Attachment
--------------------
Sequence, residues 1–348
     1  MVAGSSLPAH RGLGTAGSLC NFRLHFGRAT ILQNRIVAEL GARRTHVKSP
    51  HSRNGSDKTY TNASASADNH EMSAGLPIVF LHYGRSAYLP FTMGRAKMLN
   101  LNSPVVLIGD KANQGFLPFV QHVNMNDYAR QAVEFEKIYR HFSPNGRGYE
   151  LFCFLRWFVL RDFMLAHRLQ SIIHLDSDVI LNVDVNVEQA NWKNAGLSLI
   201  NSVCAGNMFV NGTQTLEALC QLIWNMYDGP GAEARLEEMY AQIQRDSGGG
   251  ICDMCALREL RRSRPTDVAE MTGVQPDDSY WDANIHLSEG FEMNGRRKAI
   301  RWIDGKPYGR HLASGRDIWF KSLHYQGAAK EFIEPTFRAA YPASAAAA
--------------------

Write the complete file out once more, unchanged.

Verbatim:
Sequence, residues 1–348
     1  MVAGSSLPAH RGLGTAGSLC NFRLHFGRAT ILQNRIVAEL GARRTHVKSP
    51  HSRNGSDKTY TNASASADNH EMSAGLPIVF LHYGRSAYLP FTMGRAKMLN
   101  LNSPVVLIGD KANQGFLPFV QHVNMNDYAR QAVEFEKIYR HFSPNGRGYE
   151  LFCFLRWFVL RDFMLAHRLQ SIIHLDSDVI LNVDVNVEQA NWKNAGLSLI
   201  NSVCAGNMFV NGTQTLEALC QLIWNMYDGP GAEARLEEMY AQIQRDSGGG
   251  ICDMCALREL RRSRPTDVAE MTGVQPDDSY WDANIHLSEG FEMNGRRKAI
   301  RWIDGKPYGR HLASGRDIWF KSLHYQGAAK EFIEPTFRAA YPASAAAA